Bariatric surgery linked to significant reduction in microvascular complications of type 2 diabetes
1. Patients who received gastric bypass surgery had lower rates of diabetic neuropathy at follow up that remained stable throughout the study.
2. Bariatric surgery was associated with lower rates of diabetic retinopathy compared to usual care.
Study Rundown: Bariatric surgery has been shown to have significant effects on glycemic control in various settings, including type 2 diabetes mellitus (T2DM). The authors of this study aimed to evaluate the relationship between microvascular procedures and microvascular complications of T2DM. Bariatric procedures included gastric bypass, sleeve gastrectomy, and adjustable gastric banding. In general, it was found that bariatric surgery was linked to significant reduction in microvascular complications of T2DM. This study had several limitations. First, as electronic health records were utilized for data collection, it is possible that some microvascular complications were misclassified. Further, the authors stated that they had not adjusted for clinical center within study site due to methodology limitations.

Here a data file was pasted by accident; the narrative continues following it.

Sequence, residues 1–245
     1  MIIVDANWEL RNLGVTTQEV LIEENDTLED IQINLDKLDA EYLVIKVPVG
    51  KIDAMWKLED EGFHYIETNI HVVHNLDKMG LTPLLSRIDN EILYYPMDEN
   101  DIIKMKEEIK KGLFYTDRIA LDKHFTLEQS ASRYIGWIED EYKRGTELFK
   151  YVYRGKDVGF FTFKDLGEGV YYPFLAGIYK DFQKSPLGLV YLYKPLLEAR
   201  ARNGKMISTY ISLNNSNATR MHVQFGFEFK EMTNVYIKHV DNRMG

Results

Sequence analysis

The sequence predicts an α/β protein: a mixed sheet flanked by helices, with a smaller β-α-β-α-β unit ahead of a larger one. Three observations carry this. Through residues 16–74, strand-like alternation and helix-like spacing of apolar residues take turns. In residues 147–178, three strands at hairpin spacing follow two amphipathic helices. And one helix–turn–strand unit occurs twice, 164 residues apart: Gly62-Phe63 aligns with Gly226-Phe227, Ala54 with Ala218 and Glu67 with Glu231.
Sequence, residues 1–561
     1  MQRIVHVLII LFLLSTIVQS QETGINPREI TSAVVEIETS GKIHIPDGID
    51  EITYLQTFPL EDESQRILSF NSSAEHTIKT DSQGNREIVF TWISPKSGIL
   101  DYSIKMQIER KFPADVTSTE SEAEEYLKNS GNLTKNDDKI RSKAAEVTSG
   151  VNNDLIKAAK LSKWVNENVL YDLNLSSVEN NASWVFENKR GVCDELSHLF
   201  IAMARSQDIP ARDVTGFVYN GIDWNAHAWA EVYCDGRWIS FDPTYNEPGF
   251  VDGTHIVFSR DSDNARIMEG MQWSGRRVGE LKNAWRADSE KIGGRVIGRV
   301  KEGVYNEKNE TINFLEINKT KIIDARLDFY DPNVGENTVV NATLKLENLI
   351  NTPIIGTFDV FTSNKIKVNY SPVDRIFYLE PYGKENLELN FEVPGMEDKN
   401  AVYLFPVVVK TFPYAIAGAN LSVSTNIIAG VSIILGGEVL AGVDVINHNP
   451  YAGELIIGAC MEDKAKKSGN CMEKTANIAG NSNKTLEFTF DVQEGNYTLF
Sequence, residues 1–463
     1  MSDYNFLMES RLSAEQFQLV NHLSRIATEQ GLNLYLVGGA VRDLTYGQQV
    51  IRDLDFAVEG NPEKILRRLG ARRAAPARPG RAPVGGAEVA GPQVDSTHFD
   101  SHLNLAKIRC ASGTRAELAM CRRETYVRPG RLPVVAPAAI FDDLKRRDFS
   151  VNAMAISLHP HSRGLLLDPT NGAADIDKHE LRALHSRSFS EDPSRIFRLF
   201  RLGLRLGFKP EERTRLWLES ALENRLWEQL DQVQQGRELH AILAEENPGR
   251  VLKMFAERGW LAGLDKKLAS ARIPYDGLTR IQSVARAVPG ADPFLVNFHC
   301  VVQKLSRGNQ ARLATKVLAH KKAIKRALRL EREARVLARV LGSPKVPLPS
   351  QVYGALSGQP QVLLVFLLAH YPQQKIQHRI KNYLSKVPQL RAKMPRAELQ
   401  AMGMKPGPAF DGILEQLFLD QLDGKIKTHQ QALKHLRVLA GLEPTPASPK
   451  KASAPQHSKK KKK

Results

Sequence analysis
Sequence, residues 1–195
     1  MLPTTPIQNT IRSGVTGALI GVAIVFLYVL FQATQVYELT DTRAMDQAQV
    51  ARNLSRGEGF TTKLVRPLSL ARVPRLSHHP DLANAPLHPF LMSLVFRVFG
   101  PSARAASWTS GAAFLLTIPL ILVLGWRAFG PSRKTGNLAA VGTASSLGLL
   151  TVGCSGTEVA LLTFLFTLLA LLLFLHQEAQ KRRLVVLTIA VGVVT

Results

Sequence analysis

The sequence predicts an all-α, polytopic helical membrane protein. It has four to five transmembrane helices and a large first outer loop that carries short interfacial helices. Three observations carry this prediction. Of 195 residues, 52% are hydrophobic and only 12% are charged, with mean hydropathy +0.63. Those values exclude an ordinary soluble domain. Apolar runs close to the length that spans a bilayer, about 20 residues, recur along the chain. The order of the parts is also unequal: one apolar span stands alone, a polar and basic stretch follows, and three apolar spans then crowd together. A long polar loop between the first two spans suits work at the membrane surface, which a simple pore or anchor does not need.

In-Depth [retrospective cohort]: The authors conducted a retrospective matched cohort study consisting of four integrated health systems in the United States from 2005 to 2011. In total, the final sample consisted of 4024 T2DM surgical patients and 11 059 nonsurgical matches. The authors utilized an adjusted Cox regression analysis to assess time to incident microvascular disease; this outcome was defined as the first presentation of diabetic retinopathy, neuropathy, or nephropathy. During the study period, 76% of the surgical patients had a gastric bypass, with 17% having a sleeve gastrectomy and 7% the adjustable gastric banding. It was found that the HR for all microvascular events decreased following the index date. For example, risk of nephropathy ultimately decreased among surgical patients from years 1 through 7. At the five-year point, bariatric surgery was associated with lower risk of incident microvascular disease (16.9% for surgical vs. 34.7% for nonsurgical patients; HR 0.41 [95% CI, 0.34 to 0.48]).
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